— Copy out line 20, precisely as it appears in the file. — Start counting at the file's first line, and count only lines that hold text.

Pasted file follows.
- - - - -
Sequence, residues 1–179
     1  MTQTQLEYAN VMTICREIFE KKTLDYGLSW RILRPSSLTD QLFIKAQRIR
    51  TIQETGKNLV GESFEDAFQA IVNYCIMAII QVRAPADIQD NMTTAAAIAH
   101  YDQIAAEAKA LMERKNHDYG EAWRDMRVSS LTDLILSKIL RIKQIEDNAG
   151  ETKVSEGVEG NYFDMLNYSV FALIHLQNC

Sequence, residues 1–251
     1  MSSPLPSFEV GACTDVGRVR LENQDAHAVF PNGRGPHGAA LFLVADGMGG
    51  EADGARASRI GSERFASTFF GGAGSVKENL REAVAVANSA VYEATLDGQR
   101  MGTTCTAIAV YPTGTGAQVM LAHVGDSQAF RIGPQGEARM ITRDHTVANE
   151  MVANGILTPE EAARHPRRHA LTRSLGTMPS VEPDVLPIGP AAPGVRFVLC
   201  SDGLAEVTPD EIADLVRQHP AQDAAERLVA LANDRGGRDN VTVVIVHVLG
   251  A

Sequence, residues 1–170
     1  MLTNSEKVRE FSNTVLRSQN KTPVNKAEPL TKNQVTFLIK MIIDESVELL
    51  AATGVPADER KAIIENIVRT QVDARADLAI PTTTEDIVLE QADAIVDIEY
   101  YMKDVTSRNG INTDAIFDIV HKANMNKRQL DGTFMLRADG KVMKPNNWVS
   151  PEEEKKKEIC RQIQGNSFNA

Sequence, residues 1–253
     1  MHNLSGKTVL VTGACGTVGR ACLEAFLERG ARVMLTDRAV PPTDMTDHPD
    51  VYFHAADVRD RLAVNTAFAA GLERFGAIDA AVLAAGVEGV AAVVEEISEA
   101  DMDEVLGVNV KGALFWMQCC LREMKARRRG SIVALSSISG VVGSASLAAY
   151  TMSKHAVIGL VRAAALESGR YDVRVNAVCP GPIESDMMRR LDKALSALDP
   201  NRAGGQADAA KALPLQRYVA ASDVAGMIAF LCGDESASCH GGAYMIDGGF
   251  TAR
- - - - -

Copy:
    51  VYFHAADVRD RLAVNTAFAA GLERFGAIDA AVLAAGVEGV AAVVEEISEA